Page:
Incredibly, even Andrew Weil is now blogging in favor of IF. According to Weil, simply eating three meals per day with no snacks should be called in America "a form of intermittent fasting"… yes indeed, to be popular in this country, a diet plan must be easy to follow… But fasting is never easy. And there is always a reason to avoid fasting. Virtually all IF websites are happy to give you these reasons.
Plenty of Reasons (or Perhaps Excuses) to Avoid FastingThey tell you: don't fast if you're hypoglycemic; don't fast if you're diabetic; don't skip meals if you suffer from heartburn, or don't get yourself overstressed with fasting if you're already overstressed.
[LEFT][COLOR=#000000][FONT=Arial][INDENT]It is also very popular these days to say, "fasting is not for everyone"… hence, if you're looking for a reason to avoid fasting, that's the easiest one to pick.
Note that there are cases that may prohibit long-term fasting, such as with young children, type I diabetics (on insulin medication), or in the case of clinical myopathy (muscle wasting disease). Nonetheless, even in these or similar cases, the exclusion of fasting is not necessarily wise, as fasting could be potentially useful as a therapeutic strategy. Fasting has shown to improve conditions of metabolic disorders, lower the need for insulin medication, and help relieve inflammation.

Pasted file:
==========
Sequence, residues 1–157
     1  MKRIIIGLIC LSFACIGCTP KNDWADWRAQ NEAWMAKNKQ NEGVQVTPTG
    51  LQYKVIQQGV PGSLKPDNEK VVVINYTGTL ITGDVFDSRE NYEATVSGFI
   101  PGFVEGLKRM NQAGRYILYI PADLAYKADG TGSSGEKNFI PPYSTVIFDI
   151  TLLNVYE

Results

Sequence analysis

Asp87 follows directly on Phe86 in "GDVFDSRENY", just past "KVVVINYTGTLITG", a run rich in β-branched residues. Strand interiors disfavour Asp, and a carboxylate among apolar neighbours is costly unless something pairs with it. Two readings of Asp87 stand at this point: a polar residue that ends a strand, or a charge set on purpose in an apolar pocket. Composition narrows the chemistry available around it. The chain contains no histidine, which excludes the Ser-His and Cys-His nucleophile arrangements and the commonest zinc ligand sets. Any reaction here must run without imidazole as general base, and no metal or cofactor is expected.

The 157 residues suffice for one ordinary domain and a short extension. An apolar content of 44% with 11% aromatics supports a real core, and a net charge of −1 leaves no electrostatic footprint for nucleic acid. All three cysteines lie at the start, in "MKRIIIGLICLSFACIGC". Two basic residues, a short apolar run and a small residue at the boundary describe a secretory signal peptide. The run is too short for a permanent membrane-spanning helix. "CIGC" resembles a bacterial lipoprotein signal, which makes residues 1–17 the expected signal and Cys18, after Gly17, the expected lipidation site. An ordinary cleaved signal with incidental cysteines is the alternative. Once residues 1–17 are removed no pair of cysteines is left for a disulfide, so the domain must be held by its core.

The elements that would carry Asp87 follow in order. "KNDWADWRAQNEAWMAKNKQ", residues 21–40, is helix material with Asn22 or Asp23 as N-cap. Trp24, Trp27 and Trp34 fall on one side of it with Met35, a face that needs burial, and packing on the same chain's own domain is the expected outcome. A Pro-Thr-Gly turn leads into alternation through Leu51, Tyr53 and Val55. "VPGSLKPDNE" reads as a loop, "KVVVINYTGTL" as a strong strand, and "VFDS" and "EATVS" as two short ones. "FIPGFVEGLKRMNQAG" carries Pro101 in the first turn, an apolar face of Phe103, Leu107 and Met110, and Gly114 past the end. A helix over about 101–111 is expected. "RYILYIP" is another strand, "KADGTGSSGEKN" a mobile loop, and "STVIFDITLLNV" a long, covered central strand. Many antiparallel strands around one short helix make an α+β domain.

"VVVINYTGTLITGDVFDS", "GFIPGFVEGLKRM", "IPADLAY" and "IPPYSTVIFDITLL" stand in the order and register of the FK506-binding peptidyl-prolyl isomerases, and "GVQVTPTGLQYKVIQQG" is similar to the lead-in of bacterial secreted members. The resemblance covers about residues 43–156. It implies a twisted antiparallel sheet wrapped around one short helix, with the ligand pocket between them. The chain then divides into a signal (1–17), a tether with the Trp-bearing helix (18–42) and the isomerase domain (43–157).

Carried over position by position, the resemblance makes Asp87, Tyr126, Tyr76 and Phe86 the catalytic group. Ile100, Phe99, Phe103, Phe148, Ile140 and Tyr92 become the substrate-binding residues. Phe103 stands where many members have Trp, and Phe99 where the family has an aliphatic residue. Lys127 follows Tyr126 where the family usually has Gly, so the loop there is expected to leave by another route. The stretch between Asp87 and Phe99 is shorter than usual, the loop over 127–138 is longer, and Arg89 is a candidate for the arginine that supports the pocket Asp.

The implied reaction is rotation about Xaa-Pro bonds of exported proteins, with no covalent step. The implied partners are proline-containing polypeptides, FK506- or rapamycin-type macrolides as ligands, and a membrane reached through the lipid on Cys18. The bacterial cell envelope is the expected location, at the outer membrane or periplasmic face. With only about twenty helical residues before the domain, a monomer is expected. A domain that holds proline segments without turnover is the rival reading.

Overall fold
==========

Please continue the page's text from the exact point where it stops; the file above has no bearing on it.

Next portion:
So how can fasting benefit you?
To figure that out, you need to take a look at the science behind fasting. You need to know how fasting induces its beneficial effects on your body, and what meal frequency allows you to take maximum advantage of that.[/INDENT]
How Fasting Benefits Your Body[/B]
[INDENT]Scientists acknowledged three major mechanisms by which fasting benefits your body, as it extends lifespan and protects against disease: